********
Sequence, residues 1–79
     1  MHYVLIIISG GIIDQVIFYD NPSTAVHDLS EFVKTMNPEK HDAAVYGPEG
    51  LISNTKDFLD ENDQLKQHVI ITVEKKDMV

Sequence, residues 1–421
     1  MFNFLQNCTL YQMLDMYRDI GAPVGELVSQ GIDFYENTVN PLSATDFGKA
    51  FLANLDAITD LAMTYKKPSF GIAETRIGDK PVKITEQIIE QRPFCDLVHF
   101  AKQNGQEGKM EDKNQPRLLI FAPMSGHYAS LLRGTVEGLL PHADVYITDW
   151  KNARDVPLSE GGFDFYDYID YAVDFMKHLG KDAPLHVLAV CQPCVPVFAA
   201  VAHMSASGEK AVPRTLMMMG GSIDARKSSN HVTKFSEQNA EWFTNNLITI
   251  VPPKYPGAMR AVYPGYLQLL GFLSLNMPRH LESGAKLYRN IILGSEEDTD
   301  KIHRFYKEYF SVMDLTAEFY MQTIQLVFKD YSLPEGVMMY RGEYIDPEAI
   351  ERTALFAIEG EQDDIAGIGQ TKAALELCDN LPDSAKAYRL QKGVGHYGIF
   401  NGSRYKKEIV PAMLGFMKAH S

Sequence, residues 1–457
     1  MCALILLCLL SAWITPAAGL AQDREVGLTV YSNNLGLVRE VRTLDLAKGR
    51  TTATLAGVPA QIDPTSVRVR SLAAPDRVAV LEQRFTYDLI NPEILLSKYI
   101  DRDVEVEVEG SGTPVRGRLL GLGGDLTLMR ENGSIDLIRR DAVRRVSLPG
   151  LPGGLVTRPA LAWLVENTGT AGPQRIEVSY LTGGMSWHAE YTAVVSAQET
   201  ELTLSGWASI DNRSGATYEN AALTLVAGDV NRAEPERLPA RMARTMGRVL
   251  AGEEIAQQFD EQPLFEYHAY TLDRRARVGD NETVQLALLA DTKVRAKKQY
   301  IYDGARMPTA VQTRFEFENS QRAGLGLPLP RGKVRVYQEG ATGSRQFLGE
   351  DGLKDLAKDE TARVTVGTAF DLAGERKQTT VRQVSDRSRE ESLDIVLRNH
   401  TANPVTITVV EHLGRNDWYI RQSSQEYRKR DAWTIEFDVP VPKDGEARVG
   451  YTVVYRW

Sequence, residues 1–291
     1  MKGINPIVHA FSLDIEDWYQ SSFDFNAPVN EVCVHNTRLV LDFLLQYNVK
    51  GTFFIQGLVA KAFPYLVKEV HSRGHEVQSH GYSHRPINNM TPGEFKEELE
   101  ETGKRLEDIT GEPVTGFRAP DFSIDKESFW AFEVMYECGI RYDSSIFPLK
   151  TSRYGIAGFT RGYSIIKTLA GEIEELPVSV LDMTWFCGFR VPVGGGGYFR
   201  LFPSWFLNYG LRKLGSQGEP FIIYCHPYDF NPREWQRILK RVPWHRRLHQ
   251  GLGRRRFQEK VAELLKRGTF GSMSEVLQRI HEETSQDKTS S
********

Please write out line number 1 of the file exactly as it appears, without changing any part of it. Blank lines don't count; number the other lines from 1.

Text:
Sequence, residues 1–79